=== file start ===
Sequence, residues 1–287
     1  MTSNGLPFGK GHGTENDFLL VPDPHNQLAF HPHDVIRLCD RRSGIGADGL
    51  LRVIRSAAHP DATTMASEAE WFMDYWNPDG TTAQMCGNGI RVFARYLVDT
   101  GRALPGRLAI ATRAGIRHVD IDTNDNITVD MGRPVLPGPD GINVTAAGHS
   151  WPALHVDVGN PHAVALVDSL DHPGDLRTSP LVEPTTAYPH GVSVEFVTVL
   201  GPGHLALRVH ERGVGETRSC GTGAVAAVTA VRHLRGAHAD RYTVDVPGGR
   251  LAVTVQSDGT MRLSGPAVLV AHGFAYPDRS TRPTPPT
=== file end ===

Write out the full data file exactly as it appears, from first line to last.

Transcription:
Sequence, residues 1–287
     1  MTSNGLPFGK GHGTENDFLL VPDPHNQLAF HPHDVIRLCD RRSGIGADGL
    51  LRVIRSAAHP DATTMASEAE WFMDYWNPDG TTAQMCGNGI RVFARYLVDT
   101  GRALPGRLAI ATRAGIRHVD IDTNDNITVD MGRPVLPGPD GINVTAAGHS
   151  WPALHVDVGN PHAVALVDSL DHPGDLRTSP LVEPTTAYPH GVSVEFVTVL
   201  GPGHLALRVH ERGVGETRSC GTGAVAAVTA VRHLRGAHAD RYTVDVPGGR
   251  LAVTVQSDGT MRLSGPAVLV AHGFAYPDRS TRPTPPT